Florida State Representative William Snyder has drafted an immigration bill, styled in a similar fashion as the Arizona bill, that would create new concerns for Hispanics and Latino groups who amount to about 22% of the state’s population. The bill would require that police officers check the legal status of anyone that has been stopped if they have “reasonable suspicions” that they may be here illegally. An individual would be presumed to be in the United States legally if the person provides the law enforcement officer with either a passport from a “visa waiver country” or a document showing “proof of Canadian citizenship.”
Although anyone could conclude that the bill’s provisions would allow police to target only a specific minority, Rep. Snyder claims that it is only meant to encourage tourism from Canada. “What we’re doing there is trying to be sensitive to Canadians. We have an enormous amount of… Canadians wintering here in Florida,” he said. “That language is comfort language.” What exactly he meant by that statement is not very clear. What is certain, though, is that anyone who is either Canadian or Western European will get a free pass from having police officers contact U.S. Immigration and Custom’s Enforcement , or ICE, to initiate deportation proceedings.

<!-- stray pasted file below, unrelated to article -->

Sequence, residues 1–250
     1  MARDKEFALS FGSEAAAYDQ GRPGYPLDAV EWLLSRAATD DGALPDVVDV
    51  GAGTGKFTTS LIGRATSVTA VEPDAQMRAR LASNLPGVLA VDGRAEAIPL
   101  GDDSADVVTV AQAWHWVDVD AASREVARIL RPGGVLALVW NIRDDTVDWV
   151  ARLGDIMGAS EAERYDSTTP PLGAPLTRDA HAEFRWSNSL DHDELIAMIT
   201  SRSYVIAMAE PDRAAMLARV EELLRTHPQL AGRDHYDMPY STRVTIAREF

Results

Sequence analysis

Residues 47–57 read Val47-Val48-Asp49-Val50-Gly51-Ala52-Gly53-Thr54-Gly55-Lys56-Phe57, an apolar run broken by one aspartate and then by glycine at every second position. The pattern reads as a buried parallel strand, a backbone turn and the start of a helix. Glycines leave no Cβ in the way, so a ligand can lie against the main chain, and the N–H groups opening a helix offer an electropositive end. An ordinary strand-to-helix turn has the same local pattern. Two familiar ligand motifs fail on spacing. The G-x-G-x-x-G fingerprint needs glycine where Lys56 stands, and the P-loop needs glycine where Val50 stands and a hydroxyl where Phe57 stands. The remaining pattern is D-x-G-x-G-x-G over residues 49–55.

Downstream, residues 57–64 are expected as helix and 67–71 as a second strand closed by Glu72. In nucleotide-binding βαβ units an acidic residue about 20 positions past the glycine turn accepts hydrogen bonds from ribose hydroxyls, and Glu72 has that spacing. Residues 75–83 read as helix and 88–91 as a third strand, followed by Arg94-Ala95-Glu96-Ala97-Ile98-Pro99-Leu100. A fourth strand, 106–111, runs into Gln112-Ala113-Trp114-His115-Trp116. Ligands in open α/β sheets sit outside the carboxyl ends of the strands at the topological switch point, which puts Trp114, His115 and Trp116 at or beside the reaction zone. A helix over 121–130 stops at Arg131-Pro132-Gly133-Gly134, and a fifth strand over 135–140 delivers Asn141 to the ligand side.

In major cities like Miami, where the Hispanic and Latino population from a 63% majority in population, there will no doubt be a great deal of public outrage if the bill is enacted. It has already allegedly caused tension between Florida’s politicians, three of which are Latino Republican members of Congress from Miami who oppose this anti-immigration legislation. So even though proponents of this legislation argue that it would not lead to racial profiling, the fact that its clauses exempt citizens of countries who are of mostly white ethnicity, will definitely raise a red flag of concern for Hispanics and Latinos who would definitely fall prey to its draconic effects.